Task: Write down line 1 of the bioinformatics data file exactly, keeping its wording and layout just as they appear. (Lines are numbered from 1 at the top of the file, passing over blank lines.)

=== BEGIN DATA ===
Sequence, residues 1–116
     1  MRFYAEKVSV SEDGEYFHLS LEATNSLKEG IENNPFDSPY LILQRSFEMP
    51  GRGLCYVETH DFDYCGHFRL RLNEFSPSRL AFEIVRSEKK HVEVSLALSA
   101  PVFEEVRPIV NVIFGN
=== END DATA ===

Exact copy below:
Sequence, residues 1–116